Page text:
Opinion: Quebec challenged carbon taxes, but should be glad it lost
Published Tuesday, March 30, 2021 11:15AM EDT
Quebec Premier Francois Legault arrives at a COVID-19 press briefing Monday Jan. 11, 2021 in Montreal.THE CANADIAN PRESS/Ryan Remiorz
MONTREAL -- Justin Trudeau must be delighted the Supreme Court has ruled that his carbon taxes are constitutional.
On the other hand, as economists delight in saying, Jason Kenney must be smouldering with disgust. Although to be fair, he highlights that the ruling was not unanimous.
As for Quebec, while it may not like the ruling on political grounds of federal government infringement on Quebec’s jurisdiction, the ruling does favour Quebec’s position on climate change. It gives Quebec a competitive advantage.
The federal government has indicated that the carbon tax will rise from its current $30 per tonne to $170 per tonne by 2030. Quebec is exempt from the tax because of its cap-and-trade plan, which requires emitters to buy carbon credits.
The Quebec system currently sets the price of carbon to approximately $17 per tonne. This is great for Quebec – especially relative to Ontario. Quebec can tout its lower price of carbon AND its much lower cost hydroelectric power.
For the rest of Canada – take heart. While I am a scientist at heart and I recoil at the idea that judges, supreme or otherwise, who may or may not have any scientific training, get to vote on whether climate change is real or not, I can present a simple economic argument for carbon taxes (and welcome the Court’s ruling) that will delight environmentalists. The intention is not the latter per se.
All the legalities aside, one should note that carbon taxes are not another sales tax. In fact, they should not be called sales taxes at all. Why? Because the purpose of the carbon tax is quite different from the purpose of a sales tax.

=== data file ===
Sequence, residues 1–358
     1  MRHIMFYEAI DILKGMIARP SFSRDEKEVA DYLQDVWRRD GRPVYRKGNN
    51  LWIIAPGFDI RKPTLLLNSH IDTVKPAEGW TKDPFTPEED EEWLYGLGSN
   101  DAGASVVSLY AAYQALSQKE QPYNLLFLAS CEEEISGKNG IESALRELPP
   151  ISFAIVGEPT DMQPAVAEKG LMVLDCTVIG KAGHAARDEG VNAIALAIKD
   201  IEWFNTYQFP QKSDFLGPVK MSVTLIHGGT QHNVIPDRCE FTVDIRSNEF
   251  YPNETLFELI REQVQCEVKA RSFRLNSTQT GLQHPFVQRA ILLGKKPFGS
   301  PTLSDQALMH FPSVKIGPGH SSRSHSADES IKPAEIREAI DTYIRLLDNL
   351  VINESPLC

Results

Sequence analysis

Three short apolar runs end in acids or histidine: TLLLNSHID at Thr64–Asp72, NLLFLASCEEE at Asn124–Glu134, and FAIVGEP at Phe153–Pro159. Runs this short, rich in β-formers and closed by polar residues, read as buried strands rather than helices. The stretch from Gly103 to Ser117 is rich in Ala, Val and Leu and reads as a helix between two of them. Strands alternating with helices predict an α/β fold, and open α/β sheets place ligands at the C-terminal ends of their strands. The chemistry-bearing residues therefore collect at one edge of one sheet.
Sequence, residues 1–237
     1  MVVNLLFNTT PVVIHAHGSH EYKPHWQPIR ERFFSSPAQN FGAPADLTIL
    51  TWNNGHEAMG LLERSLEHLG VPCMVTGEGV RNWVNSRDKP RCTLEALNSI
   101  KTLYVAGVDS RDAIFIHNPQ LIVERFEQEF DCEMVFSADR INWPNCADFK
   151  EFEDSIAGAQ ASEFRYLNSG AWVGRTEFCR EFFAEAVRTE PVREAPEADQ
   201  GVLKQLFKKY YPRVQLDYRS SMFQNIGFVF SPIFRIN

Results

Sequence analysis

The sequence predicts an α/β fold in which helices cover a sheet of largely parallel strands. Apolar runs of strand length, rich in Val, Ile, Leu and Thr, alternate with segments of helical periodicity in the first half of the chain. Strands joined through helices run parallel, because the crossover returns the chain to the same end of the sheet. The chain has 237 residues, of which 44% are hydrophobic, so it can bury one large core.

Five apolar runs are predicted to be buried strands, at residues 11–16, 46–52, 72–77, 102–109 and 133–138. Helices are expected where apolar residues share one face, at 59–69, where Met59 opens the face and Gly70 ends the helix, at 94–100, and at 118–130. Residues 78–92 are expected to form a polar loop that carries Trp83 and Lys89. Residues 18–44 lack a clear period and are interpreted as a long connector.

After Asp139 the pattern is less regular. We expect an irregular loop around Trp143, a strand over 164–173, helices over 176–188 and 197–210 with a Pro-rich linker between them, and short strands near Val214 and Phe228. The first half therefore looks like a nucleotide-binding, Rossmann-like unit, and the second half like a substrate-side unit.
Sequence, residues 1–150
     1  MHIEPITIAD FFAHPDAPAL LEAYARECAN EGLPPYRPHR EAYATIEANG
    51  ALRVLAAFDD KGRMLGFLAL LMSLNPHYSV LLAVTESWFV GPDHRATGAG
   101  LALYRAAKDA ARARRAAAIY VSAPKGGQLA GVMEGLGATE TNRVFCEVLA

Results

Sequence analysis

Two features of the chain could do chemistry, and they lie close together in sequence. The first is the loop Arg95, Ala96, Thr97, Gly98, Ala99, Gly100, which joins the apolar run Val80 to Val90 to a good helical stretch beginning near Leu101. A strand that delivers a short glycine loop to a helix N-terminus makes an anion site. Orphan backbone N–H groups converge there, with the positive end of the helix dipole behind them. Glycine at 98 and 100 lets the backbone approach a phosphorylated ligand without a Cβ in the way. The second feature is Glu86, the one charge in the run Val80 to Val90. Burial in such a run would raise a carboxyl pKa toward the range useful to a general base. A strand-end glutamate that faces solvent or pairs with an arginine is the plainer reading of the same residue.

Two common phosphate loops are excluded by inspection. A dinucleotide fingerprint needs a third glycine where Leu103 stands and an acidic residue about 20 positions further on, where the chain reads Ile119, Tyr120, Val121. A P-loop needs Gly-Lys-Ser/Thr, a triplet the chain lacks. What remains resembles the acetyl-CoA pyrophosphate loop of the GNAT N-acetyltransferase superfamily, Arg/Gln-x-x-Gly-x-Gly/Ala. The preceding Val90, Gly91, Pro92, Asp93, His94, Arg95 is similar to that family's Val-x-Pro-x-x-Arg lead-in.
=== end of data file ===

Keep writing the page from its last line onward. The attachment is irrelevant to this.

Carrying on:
A sales tax is levied on (almost) all goods and services, thereby increasing the price of those goods and services in the same manner, say, by 10 per cent, with the objective of generating government revenue.
A carbon tax, like a sin tax, or more generally, an excise tax, is levied on carbon only and increases the price of goods in different ways with the objective of changing the consumption patterns of consumers.
Carbon-intensive goods will see their price increase by a greater amount than less carbon-intensive goods or services.
So, while carbon taxes are not sales taxes, they do share a characteristic with sales taxes: they are less market-distorting than personal income taxes and corporate taxes.
I loathe income taxes, both personally and as an economist. I would assume many readers agree with me. They are, as it is known in my profession, “distorting”.
Carbon taxes, much less so. Some economists thus argue that carbon tax revenue can be used to reduce more distorting taxes by the same amount they generate in revenue such that the tax becomes revenue-neutral and distributionally-neutral.
Revenue-neutrality is currently how the federal carbon tax is designed in Canada, but more can be done.
Like what? Well, let us embrace the Supreme Court ruling and the notion of carbon taxes as one mean to reduce the consumption of carbon dioxide-intensive goods and services, but pressure our elective officials to do some good with that revenue, like further reducing our income taxes (I like tax credits, but I like lower tax rates better).
This approach, I hope, would bring lefties and righties together. The lefties get their environmental tax to reduce carbon dioxide emissions and perhaps even address distributional issues that are near and dear to their hearts, and the right will score a win on the reduction of their biggest tax enemy, the income tax.
The challenge, though, is to get the politicians to listen. Erin O’Toole, are you there?
- Dr. Anthony Noce is a professor of economics at Concordia University in Montreal